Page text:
Susan Vaughan: Unlike John, I have never loved winter and always have felt the cold deep in my bones. I do remember loving sledding down the steep hills of my native West Virginia, but didn’t much care for the steep icy sidewalks. We’ve had a couple of pretty snowfalls, lovely to look at. Although the temps have been in the single digits, I take the dog for her daily walks. Sasha loves the cold and off we go. My TBR pile is a list for the library, mostly historical mysteries. I’m catching up on the Daisy Dobbs mysteries by Jacqueline Winspear and am deep into Ariana Franklin’s second book in her Mistress of Death series, The Serpent’s Tale. My writing brain was temporarily frozen too, but a new writing book, Story Genius by Lisa Cron, has thawed it a bit, reminding me that story is more than just the plot and even more than just the characters. So even if I’m snowed in, I’m busy.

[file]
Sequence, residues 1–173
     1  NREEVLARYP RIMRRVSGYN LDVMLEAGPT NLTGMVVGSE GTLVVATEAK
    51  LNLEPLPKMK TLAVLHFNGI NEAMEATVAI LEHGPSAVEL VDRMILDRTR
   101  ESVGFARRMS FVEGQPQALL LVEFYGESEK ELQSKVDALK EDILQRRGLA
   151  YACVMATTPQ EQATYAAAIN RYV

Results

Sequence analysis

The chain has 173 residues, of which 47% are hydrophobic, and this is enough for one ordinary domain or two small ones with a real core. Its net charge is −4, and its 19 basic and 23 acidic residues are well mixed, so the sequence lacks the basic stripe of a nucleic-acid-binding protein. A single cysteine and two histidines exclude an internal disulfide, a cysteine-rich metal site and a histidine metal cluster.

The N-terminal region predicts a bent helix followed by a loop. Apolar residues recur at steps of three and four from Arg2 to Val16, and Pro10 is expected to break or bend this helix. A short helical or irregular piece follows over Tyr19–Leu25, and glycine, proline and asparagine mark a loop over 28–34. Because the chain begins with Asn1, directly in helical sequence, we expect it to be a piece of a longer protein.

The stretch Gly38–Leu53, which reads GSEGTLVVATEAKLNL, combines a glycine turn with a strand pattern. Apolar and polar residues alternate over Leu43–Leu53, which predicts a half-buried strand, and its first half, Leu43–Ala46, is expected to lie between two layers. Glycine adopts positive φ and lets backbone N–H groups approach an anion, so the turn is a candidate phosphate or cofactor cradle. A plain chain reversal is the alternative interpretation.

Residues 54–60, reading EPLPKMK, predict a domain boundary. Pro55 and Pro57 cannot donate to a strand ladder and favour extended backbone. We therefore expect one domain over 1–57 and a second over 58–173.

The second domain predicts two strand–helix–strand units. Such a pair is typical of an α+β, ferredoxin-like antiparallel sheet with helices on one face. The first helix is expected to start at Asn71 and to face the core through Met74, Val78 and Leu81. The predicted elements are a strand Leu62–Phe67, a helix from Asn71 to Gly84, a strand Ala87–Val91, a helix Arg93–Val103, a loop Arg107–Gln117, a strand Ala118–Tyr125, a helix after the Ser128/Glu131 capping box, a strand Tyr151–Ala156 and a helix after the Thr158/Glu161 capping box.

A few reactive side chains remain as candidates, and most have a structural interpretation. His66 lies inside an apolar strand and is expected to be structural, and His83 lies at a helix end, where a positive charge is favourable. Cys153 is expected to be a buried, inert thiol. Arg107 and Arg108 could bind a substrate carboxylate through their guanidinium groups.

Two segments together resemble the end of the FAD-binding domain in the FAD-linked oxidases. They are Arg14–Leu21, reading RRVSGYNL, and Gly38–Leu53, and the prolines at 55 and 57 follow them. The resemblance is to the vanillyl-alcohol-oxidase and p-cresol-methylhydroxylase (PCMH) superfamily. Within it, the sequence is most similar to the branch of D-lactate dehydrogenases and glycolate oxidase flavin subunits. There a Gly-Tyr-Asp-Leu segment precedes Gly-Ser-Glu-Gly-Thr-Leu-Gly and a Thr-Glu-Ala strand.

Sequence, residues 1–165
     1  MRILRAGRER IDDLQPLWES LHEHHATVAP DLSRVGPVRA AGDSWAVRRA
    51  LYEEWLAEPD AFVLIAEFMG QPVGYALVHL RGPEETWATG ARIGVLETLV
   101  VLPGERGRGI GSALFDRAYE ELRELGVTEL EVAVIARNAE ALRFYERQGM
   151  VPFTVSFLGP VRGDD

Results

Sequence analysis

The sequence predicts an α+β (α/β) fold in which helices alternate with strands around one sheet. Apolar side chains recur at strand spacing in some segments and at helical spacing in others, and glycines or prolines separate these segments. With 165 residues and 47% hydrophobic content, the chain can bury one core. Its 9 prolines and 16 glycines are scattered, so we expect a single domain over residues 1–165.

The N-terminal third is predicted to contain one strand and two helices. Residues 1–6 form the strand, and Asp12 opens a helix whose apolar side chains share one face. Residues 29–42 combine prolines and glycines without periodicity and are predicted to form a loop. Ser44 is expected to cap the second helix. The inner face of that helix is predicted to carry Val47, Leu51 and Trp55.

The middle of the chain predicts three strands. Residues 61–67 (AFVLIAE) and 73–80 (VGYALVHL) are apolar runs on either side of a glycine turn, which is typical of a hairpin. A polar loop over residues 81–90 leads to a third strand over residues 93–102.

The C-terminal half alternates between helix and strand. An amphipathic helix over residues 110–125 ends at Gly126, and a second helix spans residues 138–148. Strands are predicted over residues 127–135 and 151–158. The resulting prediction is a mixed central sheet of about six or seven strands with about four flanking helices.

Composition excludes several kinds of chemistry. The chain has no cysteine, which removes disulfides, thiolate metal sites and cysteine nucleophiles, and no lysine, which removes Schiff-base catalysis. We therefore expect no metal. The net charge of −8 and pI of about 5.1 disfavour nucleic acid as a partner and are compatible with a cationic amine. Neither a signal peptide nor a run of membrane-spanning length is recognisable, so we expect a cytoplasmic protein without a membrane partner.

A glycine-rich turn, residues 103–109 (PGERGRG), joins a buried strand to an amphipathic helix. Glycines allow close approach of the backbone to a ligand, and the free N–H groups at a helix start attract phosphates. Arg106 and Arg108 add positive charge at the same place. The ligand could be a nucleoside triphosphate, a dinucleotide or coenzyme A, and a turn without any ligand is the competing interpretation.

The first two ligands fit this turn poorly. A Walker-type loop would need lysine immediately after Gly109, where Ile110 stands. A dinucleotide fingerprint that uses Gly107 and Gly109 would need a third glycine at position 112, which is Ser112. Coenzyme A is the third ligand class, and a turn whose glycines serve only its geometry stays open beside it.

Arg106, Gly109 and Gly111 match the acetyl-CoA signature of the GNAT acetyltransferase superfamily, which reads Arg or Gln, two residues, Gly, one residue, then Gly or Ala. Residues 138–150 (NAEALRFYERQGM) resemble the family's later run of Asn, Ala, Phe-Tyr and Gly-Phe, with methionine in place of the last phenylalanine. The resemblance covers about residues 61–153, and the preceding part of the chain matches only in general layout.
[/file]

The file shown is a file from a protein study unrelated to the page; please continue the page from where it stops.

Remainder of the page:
Kaitlyn Dunnett/Kathy Lynn Emerson: I can’t say I much liked the nights when it got down to -12 here in the Western Maine Mountains, but I still prefer our winters to climates that are hot and humid. That said, my husband and I have different ideas on how to spend a winter’s day. Here’s the view he prefers:
That was taken on one of the ski slopes at Saddleback. Now here’s one of my preferred winter views:
The woodstove heats our downstairs up to a comfy temp in the mid-seventies even on the coldest days. And yes, that’s Shadow, formerly Lea Wait’s cat, enjoying both the warmth from the stove and a sunbeam. Works for me, too. I also enjoy looking out the window at our snow-covered back yard.
Maggie Robinson: My kids think I’ve got agoraphobia. While it’s true I’m not tramping merrily about the icy countryside (I have a replaced knee, and a knee that probably needs to be replaced), I do peek out on my front porch every now and again—and then peek right back in. I am an indoor cat.
Of course, I spend a considerable time at the computer working on the current mess. I have, like everyone else in America, discovered Wordle. I subscribe to the New York Times Games page, and am so addicted to the daily Spelling Bee that my oldest daughter bought me this Queen Bee pillow.